“It is essential to retain personnel with technical skills because they may not be available when business improves if they become a casualty of the current economic difficulties,” says Christophe Aubertot, president, Keyria, Inc. Chances are, employees understand the need for any cutbacks and are willing to do their part to help their companies through tough times. However, manufacturers must take steps to ensure that their valued employees continue to feel that their sacrifices are worthwhile.


When the economy rebounds, those manufacturers that have continued to improve their products and processes will have a competitive edge. The industry needs “the ability to retain market share in housing cladding with depressed home prices and the projected slow rebound in home values,” says Houseman.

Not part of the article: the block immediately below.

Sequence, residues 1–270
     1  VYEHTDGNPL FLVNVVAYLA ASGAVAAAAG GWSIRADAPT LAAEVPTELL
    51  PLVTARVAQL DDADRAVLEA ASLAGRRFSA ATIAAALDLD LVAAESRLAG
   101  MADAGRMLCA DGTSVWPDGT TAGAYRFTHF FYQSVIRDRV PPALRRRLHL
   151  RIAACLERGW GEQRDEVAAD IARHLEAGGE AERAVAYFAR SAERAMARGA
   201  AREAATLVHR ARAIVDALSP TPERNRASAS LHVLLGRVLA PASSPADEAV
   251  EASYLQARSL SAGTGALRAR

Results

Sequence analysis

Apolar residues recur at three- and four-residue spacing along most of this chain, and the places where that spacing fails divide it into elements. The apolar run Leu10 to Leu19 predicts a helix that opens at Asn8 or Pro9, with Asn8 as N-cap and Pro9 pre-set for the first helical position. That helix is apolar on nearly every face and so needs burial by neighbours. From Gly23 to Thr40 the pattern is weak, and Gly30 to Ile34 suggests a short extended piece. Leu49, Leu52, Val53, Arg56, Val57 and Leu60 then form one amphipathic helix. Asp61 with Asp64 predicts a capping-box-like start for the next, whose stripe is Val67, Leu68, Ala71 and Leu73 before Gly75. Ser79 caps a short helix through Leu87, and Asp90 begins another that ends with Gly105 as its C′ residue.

Suppliers to the brick industry are working hard to provide the means by which manufacturers can innovate and succeed. “New products are the primary thing keeping some plants running,” says Alan Petefish, vice president of Sales and Marketing for Prince Minerals, Inc. “We develop color libraries specific to the plants to facilitate product development and accelerate the process so that new base and accent colors can be developed without starting from scratch in the color development process.”

Aubertot agrees. “We have focused a good deal of our R&D efforts on reducing energy consumption through the development of new, more efficient kilns and burner systems, as well as investigating the availability and use of various fuels,” he says.

In addition, industry suppliers are taking their own steps to be ready for the recovery by targeting potential new cost-saving applications and focusing on R&D during the slowdown. “Our strategy is to retain sufficient resources to serve the industry effectively when the economy stabilizes,” says Houseman.